ALMATY, Aug 27 (Reuters) - BTA, Kazakhstan’s third-largest bank by assets, swung to a profit in the first half of 2013 after a debt restructuring last December and expects to boost its finances with funds seized from its fugitive former head, it said on Tuesday.
BTA said it made a net profit of 15.579 billion tenge ($112 million) in the January-to-June period, compared to a net loss of around 658 billion tenge a year earlier when it wrote down a mass of problem loans.
Around four fifths of BTA’s loan portfolio is classified as non-performing.
Kazakhstan’s sovereign wealth fund Samruk-Kazyna bailed out the bank in 2009 during the financial crisis and is estimated to have spent around $8 billion to stabilise its financial position. Samruk-Kazyna now owns 97 percent of BTA.
BTA Chairman Kadyrzhan Damitov said the bank planned to put its finances on a surer footing by securing assets owned by its former head Mukhtar Ablyazov, accused of embezzling up to $6 billion of BTA’s money.
The 50-year-old fugitive oligarch, an outspoken critic of Kazakh President Nursultan Nazarbayev, is in a French jail as he awaits a decision on whether he will be extradited.
Russia, Ukraine and Kazakhstan brought fraud cases against Ablyazov after BTA, which he once controlled, was seized by Kazakh authorities and declared insolvent. Ukraine and Russia have both demanded his extradition.
The case has drawn widespread public attention in Kazakhstan, where Nazarbayev tolerates no dissent.
Ablyazov says allegations against him are designed to rob him and eliminate him as an opponent to Nazarbayev, who has ruled the oil-rich Central Asian nation for more than 20 years.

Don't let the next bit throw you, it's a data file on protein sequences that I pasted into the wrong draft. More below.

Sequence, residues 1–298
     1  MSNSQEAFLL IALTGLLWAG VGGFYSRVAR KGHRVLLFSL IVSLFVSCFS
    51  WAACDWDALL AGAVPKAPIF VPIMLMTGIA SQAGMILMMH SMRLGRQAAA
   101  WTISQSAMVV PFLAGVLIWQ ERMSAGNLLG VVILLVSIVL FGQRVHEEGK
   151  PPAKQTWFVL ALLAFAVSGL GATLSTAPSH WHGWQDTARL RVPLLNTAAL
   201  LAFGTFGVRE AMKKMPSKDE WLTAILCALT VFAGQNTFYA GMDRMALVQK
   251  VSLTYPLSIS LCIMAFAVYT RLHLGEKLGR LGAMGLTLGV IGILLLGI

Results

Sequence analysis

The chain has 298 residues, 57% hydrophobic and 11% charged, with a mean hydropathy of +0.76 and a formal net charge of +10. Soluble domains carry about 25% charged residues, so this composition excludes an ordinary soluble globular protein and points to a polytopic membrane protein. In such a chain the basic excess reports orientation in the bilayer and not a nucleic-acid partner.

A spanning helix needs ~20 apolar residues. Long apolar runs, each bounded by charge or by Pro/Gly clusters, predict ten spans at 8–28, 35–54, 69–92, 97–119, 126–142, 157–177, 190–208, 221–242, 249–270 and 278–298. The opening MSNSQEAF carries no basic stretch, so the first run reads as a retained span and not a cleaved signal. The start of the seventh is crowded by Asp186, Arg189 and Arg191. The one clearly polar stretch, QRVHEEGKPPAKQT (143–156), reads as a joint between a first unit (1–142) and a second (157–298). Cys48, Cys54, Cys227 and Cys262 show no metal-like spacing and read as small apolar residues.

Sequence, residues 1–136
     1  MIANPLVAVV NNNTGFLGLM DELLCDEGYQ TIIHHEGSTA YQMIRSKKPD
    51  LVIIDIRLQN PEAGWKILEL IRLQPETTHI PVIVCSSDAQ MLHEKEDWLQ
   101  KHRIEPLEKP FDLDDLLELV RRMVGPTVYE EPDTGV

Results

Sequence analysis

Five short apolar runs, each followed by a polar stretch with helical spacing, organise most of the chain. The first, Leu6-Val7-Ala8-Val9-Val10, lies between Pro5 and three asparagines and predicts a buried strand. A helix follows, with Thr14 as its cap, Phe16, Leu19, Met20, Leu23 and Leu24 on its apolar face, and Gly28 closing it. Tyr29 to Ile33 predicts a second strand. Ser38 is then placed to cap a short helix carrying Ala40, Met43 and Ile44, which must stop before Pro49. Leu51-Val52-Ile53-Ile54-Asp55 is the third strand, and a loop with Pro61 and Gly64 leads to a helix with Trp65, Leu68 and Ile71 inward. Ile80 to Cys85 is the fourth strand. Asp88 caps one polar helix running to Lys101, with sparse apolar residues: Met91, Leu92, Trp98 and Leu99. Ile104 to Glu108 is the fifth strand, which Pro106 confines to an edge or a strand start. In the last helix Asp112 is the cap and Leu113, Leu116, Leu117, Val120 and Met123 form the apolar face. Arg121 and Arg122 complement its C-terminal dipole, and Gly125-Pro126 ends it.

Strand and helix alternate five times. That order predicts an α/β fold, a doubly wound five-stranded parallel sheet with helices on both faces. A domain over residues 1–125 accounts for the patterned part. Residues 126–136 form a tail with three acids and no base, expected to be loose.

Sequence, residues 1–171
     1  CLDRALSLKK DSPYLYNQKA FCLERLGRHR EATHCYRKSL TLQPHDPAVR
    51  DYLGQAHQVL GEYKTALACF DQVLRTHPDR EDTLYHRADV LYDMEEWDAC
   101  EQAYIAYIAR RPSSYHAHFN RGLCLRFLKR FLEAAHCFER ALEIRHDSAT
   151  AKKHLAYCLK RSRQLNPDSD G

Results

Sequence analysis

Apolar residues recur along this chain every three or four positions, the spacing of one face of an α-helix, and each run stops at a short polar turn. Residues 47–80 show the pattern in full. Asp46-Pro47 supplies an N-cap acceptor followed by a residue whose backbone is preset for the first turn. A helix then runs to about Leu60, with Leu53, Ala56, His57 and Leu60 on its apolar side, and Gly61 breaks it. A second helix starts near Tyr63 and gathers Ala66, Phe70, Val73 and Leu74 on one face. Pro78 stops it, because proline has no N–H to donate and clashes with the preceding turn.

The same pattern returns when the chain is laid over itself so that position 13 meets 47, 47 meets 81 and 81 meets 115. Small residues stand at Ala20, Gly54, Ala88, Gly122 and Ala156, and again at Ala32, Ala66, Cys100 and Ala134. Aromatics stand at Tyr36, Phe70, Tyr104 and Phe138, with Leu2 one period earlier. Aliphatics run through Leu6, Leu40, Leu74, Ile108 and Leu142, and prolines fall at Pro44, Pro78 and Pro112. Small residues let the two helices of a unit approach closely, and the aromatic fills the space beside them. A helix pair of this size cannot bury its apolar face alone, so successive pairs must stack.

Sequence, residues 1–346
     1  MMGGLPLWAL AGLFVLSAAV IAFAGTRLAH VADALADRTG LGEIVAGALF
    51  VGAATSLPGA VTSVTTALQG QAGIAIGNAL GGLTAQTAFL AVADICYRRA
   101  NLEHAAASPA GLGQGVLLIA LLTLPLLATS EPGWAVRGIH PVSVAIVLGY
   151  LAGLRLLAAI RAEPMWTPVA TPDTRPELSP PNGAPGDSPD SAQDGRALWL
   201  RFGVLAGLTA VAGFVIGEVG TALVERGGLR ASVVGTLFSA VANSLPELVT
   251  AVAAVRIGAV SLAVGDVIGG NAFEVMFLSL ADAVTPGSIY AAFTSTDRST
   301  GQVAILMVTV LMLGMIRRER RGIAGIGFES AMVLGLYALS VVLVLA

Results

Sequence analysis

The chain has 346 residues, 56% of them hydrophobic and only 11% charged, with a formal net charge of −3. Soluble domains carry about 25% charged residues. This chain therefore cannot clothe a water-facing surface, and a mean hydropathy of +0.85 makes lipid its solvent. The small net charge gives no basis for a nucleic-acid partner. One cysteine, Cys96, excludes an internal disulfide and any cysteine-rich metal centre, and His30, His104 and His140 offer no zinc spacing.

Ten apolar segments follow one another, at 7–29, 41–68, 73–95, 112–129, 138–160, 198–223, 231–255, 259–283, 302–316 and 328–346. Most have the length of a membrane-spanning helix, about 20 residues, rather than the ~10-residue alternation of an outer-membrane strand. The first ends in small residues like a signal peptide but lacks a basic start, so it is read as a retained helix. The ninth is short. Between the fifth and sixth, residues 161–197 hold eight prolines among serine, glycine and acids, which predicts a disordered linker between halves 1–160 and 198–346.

He was arrested in southern France on July 18, months after fleeing Britain, which granted him political asylum but later handed him a jail sentence for contempt of court.
“This work (to return BTA’s funds) is under way, and this is one of the main aspects of the bank’s activities,” Damitov said.
“We see a certain turning point in this work, and the efforts the bank has been making in the last three to four years ... are beginning to materialise now.”
Damitov said that, to date, BTA had won permission from a British court to liquidate assets belonging to Ablyazov worth around $3.9 billion.
He said the process of recovering the assets from Ablyazov would begin this year, although it was unlikely the bank would be able to recover the entire amount.
A net interest margin of 17 billion tenge was one of the main reasons for BTA’s better performance in the first half, Damitov told a news briefing.
BTA reduced its loan portfolio by 1 percent in the six-month period to 636 billion tenge. ($1 = 152.47 tenge) (Reporting by Mariya Gordeyeva; writing by Dmitry Solovyov; editing by Tom Pfeiffer)